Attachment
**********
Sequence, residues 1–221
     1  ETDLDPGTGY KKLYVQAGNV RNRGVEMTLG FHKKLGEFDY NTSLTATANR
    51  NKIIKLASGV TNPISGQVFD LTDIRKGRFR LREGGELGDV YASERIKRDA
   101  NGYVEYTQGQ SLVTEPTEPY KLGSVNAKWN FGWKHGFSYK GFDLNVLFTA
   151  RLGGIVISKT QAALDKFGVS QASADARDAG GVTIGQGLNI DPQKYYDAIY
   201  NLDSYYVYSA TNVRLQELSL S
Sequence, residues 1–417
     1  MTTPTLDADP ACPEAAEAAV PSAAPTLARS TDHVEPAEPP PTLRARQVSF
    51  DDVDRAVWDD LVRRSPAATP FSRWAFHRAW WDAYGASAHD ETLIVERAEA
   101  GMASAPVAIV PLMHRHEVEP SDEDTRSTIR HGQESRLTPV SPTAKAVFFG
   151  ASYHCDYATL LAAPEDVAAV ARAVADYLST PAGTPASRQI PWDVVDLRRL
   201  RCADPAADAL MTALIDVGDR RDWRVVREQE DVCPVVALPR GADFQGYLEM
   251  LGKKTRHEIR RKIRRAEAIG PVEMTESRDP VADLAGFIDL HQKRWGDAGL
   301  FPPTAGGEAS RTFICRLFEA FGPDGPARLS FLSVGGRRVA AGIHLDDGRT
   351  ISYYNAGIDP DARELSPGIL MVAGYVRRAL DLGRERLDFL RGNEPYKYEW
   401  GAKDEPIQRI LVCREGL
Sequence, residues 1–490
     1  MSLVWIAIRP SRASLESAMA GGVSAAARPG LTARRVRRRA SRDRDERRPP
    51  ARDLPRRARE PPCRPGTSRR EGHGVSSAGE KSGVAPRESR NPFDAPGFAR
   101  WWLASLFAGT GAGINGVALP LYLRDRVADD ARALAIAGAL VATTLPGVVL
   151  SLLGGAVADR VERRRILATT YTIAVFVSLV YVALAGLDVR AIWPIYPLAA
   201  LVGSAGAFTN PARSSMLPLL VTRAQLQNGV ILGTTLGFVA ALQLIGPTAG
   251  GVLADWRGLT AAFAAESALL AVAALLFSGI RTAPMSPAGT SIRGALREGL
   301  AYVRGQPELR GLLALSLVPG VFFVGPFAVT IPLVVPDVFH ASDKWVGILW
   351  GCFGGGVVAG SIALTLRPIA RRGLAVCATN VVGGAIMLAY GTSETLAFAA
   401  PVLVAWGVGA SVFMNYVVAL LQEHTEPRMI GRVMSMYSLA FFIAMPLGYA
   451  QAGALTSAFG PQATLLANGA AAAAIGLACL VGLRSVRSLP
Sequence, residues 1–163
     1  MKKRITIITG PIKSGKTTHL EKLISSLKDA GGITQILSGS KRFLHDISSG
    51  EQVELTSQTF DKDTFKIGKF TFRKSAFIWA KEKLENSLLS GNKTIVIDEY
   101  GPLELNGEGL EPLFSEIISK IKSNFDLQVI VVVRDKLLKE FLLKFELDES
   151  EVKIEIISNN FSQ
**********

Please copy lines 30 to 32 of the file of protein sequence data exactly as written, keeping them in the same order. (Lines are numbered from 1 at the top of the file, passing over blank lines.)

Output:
    51  EQVELTSQTF DKDTFKIGKF TFRKSAFIWA KEKLENSLLS GNKTIVIDEY
   101  GPLELNGEGL EPLFSEIISK IKSNFDLQVI VVVRDKLLKE FLLKFELDES
   151  EVKIEIISNN FSQ